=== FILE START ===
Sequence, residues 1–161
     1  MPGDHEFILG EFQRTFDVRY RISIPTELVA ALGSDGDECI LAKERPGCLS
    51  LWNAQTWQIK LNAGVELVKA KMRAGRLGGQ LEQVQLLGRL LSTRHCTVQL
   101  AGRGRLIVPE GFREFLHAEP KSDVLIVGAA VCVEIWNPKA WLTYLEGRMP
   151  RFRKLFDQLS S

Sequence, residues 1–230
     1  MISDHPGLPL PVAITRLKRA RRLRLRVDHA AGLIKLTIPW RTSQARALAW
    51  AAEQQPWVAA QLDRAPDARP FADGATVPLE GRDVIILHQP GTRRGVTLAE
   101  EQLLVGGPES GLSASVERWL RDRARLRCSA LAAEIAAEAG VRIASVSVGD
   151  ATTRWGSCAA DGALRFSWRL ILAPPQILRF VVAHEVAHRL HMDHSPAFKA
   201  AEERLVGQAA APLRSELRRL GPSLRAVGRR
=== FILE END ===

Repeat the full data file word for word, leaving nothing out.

Sequence, residues 1–161
     1  MPGDHEFILG EFQRTFDVRY RISIPTELVA ALGSDGDECI LAKERPGCLS
    51  LWNAQTWQIK LNAGVELVKA KMRAGRLGGQ LEQVQLLGRL LSTRHCTVQL
   101  AGRGRLIVPE GFREFLHAEP KSDVLIVGAA VCVEIWNPKA WLTYLEGRMP
   151  RFRKLFDQLS S

Sequence, residues 1–230
     1  MISDHPGLPL PVAITRLKRA RRLRLRVDHA AGLIKLTIPW RTSQARALAW
    51  AAEQQPWVAA QLDRAPDARP FADGATVPLE GRDVIILHQP GTRRGVTLAE
   101  EQLLVGGPES GLSASVERWL RDRARLRCSA LAAEIAAEAG VRIASVSVGD
   151  ATTRWGSCAA DGALRFSWRL ILAPPQILRF VVAHEVAHRL HMDHSPAFKA
   201  AEERLVGQAA APLRSELRRL GPSLRAVGRR